“Mothering” Leslie Howard (1933)
“Mothering” Leslie Howard
Every woman, it would seem, wants to “mother” Leslie, but that job is held exclusively by his wife
Says Grace Mack
Every story that I have heard about Leslie Howard has made him out to be such a very proper person. So home-loving. So domestic. The sort who would never be tempted to do any merry-go-rounding. In fact, almost too good to be true.
Well–if Leslie Howard is a thoroughly “house-broken” husband it’s because he has had a wise and understanding wife who has known how and when to snatch him from the burning before he got singed. In fact, if more wives were like Mrs. Howard, the trains probably wouldn’t be stopping at Reno.
The Howards have been married seventeen years. It was a wartime romance which began in a provincial town in England where Leslie’s regiment was temporarily in barracks. During the seventeen years of their marriage Mrs. Howard has been, to quote her, “a combination of wife, mother, manager–and protector.”
The rôle of “protector” probably has been her most difficult job. For Leslie’s appeal to women, in spite of the fact that he insists that there is nothing glamorous about him, is just as potent as Clark Gable’s has ever been. And the fair screen stars who have been demanding him for their leading man are by no means the first to discover it. Ever since he made his first appearance on the Broadway stage women have been acutely aware of the Howard charm. Some of them were a little nearsighted when it came to “no parking” signs.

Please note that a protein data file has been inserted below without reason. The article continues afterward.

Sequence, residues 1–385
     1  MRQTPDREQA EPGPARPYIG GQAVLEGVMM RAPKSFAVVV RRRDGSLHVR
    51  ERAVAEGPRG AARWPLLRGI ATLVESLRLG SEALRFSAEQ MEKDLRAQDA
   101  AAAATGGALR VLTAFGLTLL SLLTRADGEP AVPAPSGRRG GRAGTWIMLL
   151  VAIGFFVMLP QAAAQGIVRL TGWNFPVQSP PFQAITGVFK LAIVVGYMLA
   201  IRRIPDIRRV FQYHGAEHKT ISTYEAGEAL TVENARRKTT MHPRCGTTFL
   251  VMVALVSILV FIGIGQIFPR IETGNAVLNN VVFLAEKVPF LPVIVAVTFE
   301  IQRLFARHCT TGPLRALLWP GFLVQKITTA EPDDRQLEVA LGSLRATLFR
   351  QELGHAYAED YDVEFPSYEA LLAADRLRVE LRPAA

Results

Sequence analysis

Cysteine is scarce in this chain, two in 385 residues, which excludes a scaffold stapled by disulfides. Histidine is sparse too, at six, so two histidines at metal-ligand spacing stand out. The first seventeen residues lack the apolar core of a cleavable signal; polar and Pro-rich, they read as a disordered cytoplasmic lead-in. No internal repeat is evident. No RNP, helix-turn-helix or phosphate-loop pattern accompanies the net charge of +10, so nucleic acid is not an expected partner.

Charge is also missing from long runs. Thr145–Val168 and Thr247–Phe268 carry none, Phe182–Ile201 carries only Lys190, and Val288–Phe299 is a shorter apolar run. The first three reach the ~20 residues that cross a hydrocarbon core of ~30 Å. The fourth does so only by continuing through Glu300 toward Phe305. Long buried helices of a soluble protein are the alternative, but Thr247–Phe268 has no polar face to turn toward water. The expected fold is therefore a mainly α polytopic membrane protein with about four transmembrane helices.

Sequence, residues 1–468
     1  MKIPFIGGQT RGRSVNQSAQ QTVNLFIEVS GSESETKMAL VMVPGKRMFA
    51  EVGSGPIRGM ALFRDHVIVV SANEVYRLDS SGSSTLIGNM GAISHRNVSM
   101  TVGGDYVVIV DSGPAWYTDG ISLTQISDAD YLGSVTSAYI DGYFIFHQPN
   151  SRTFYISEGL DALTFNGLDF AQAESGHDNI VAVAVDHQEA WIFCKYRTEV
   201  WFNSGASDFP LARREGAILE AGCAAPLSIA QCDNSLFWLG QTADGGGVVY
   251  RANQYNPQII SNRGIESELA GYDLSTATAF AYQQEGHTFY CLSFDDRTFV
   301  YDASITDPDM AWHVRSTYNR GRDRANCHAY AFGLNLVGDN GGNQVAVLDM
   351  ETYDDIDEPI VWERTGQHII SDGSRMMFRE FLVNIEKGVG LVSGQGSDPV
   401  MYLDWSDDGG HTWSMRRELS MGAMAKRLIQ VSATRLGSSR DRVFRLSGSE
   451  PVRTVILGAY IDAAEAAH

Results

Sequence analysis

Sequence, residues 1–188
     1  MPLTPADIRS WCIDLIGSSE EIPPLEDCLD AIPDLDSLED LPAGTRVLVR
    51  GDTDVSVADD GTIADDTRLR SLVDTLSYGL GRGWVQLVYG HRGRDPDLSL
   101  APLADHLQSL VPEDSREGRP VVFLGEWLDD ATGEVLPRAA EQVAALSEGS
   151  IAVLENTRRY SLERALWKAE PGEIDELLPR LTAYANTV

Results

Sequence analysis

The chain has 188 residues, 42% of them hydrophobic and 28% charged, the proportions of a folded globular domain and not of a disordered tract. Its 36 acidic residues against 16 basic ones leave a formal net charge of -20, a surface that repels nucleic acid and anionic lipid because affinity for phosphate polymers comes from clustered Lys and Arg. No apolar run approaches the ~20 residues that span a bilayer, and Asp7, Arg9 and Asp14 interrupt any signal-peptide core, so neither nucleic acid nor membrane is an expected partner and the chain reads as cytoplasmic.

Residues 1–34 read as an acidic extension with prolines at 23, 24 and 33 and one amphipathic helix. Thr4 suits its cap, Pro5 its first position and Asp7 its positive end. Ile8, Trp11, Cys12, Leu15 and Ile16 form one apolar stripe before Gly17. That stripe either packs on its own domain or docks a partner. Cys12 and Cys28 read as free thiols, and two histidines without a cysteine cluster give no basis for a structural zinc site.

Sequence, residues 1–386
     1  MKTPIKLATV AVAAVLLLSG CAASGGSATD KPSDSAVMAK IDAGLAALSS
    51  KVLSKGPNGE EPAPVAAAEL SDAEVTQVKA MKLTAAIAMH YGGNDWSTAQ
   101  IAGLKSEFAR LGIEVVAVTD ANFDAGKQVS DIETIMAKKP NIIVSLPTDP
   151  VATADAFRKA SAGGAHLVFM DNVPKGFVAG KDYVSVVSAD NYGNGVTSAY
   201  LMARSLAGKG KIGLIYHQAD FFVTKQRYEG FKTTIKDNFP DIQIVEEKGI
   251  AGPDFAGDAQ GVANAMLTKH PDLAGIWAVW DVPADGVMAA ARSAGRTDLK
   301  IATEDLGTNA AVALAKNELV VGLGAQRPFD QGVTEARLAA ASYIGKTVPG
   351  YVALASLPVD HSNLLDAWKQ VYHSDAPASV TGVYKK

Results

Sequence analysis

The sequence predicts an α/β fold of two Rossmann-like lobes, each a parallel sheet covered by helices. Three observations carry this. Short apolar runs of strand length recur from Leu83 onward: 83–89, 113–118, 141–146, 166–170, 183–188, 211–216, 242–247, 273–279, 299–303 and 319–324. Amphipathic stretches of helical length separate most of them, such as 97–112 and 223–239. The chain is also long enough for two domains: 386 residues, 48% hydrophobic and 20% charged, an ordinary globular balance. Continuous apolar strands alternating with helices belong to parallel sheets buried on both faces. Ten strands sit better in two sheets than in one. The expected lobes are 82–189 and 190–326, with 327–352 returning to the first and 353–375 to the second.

I recall one in particular–the wife of a well-known director whose own matrimonial craft was about to go down for the last time–who developed a decided interest in Leslie. She was a brilliant, attractive woman, accustomed to getting what she wanted. Mrs. Howard, with wifely intuition, recognized the danger signal.
Come the night when the lady in question gave a brilliant party–to which Mrs. Howard was not invited. Leslie, of course, was invited; but how to get there became something of a problem since Mrs. Howard had called at the theatre for him, after the evening performance, to take him home. Leslie made the excuse of having to drop by the Lambs Club. A few minutes later he was climbing down the Lambs Club fire escape, and was on his way to the party.